Dictionary of Old English

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The Dictionary of Old English (DOE) is a dictionary published by the Centre for Medieval Studies, University of Toronto under the direction of Angus Cameron (1941–1983), Ashley Crandell Amos (1951–1989), and Antonette diPaolo Healey. It "defines the vocabulary of the first six centuries (600-1150 A.D.) of the English language, using today's most advanced technology. The DOE complements the Middle English Dictionary (which covers the period 1100–1500 A.D.) and the Oxford English Dictionary, the three together providing a full description of the vocabulary of English." [1]

The dictionary is still under production, as "one third of the Dictionary--eight of the 22 letters of the Old English alphabet--has been published, and more than 60% of the total entries have been written to date." [1]

The dictionary has made extensive use of digital technology. It "is based on a computerized Corpus comprising at least one copy of each text surviving in Old English. The total size is about five times the collected works of Shakespeare." [1]

It is available in 3 formats [2]

History[edit]

The dictionary was conceived in 1968 as a replacement for the Bosworth–Toller Anglo-Saxon Dictionary, which had been compiled at a time when both the study of the Old English language and lexicographical techniques were less advanced.[3] From the outset, the editors were interested in the potential application of computer technology to the task of compiling the dictionary, and in basing the dictionary text on a corpus. A dictionary plan was published in 1973.[4] It was originally anticipated that work on the dictionary would begin in 1976 and the dictionary would begin appearing in fascicles shortly thereafter;[3] however, it was not until 1986 that the first fascicle was published, covering words beginning with the letter D.[4]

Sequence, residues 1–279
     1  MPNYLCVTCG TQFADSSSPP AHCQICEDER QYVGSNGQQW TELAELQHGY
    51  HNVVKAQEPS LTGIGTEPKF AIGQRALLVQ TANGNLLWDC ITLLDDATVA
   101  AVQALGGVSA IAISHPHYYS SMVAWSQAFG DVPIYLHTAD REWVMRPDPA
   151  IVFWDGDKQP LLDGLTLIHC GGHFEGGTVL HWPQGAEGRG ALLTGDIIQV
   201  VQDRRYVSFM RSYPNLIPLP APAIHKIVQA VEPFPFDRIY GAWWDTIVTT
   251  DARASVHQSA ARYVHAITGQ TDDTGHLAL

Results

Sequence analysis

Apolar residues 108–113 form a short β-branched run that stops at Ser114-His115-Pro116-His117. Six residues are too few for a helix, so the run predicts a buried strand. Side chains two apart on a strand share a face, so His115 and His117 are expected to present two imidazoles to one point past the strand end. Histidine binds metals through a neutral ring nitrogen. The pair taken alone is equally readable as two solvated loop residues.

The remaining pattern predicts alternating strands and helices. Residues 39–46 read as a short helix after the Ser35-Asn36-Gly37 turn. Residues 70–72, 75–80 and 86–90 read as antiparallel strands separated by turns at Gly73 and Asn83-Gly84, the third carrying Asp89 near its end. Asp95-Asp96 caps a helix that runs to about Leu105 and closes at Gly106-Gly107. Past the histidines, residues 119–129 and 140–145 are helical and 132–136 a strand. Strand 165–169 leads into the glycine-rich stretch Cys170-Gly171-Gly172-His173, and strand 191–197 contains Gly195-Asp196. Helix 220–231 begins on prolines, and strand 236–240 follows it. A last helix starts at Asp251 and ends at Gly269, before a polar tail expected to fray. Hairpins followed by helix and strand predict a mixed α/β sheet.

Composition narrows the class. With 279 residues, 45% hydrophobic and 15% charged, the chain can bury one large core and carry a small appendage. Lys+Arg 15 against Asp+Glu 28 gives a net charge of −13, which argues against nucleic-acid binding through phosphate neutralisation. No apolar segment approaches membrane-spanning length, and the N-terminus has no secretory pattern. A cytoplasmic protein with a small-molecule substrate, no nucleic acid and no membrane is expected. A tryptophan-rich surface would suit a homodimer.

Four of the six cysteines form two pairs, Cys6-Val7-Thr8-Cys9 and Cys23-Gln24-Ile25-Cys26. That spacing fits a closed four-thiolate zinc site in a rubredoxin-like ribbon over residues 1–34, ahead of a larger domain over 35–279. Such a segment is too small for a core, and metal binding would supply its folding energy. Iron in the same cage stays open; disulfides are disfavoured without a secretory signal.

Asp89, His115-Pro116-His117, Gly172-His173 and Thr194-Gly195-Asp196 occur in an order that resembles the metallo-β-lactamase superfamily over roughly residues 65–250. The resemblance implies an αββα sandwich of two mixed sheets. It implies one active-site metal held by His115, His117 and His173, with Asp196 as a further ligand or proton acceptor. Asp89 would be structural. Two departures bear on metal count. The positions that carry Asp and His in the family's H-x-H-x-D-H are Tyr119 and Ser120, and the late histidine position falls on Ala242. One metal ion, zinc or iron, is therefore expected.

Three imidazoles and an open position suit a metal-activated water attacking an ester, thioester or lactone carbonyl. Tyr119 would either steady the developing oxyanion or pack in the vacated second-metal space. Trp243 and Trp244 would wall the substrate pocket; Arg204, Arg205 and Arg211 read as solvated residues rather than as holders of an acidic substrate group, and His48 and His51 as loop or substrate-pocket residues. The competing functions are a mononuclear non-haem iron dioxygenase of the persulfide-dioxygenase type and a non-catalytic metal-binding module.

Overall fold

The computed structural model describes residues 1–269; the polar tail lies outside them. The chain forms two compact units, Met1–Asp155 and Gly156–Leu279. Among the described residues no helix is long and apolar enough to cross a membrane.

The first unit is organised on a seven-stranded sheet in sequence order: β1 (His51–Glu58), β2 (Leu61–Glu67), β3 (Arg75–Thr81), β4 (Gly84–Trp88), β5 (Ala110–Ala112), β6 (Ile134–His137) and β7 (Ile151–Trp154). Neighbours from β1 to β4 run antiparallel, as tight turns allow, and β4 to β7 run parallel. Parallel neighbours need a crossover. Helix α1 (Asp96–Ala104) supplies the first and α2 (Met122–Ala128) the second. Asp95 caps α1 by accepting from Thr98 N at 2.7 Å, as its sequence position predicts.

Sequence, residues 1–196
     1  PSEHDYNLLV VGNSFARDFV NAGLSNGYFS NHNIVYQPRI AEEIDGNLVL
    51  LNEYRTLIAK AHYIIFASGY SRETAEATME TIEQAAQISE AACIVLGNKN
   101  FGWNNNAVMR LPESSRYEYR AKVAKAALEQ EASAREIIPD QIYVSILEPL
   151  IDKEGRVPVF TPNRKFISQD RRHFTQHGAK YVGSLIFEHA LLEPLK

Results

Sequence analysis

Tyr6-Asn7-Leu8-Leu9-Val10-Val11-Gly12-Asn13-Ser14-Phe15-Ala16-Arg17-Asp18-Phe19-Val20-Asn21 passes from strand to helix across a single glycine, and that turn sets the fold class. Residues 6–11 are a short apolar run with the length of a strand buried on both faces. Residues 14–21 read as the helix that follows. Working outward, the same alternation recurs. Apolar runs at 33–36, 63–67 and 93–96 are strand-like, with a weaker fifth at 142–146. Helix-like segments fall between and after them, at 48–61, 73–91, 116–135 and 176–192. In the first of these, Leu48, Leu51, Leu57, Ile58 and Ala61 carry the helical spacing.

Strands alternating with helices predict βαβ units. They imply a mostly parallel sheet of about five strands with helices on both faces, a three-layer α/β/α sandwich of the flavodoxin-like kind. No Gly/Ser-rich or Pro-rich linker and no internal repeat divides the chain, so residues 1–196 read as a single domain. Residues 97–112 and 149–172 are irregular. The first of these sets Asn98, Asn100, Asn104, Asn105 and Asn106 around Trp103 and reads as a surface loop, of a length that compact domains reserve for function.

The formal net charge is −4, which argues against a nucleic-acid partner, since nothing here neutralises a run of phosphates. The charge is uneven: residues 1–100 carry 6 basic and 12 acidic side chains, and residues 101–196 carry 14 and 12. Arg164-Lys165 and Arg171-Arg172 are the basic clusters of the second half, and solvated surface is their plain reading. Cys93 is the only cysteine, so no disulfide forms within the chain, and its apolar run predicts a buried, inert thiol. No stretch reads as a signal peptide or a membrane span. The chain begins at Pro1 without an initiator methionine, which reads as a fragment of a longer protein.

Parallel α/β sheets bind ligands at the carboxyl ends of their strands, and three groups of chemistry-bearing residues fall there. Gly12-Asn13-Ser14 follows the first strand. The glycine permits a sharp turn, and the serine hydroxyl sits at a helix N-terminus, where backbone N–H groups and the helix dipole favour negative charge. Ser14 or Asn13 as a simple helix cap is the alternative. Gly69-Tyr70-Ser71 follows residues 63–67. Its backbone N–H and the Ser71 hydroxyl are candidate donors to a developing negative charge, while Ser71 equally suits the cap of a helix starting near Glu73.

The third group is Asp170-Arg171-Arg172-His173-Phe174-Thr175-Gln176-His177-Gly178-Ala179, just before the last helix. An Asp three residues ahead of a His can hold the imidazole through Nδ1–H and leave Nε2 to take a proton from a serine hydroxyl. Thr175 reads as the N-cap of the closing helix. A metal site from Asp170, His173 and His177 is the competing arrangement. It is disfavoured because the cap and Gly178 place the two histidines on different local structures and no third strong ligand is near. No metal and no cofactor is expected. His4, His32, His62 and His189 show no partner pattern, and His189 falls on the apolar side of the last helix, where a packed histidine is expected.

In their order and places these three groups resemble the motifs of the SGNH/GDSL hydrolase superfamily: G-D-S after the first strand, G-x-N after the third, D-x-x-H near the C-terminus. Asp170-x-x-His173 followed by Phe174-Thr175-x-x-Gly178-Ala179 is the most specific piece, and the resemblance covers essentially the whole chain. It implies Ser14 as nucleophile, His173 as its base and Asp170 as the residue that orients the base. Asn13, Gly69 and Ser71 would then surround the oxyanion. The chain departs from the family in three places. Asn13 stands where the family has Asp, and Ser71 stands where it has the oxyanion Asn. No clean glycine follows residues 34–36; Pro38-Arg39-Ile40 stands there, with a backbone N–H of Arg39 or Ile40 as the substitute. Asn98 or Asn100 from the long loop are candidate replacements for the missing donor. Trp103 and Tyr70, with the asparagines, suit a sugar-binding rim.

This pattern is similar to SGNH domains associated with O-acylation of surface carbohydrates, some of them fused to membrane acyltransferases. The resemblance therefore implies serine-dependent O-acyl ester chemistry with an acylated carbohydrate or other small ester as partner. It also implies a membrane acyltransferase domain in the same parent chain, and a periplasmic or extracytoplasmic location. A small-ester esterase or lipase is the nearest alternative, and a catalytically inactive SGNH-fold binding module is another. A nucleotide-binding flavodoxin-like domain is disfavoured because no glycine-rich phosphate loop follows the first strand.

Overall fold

Notes[edit]

  1. ^ a b c About the Dictionary of Old English
  2. ^ Publications of the Dictionary of Old English
  3. ^ a b Leyerle, John (1971). ""The Dictionary of Old English": A Progress Report". Computers and the Humanities 5 (5): 279–283. doi:10.1007/BF02402209. Retrieved 17 June 2014. 
  4. ^ a b "Publications of the Dictionary of Old English". Dictionary of Old English. University of Toronto. Retrieved 17 June 2014. 

External links[edit]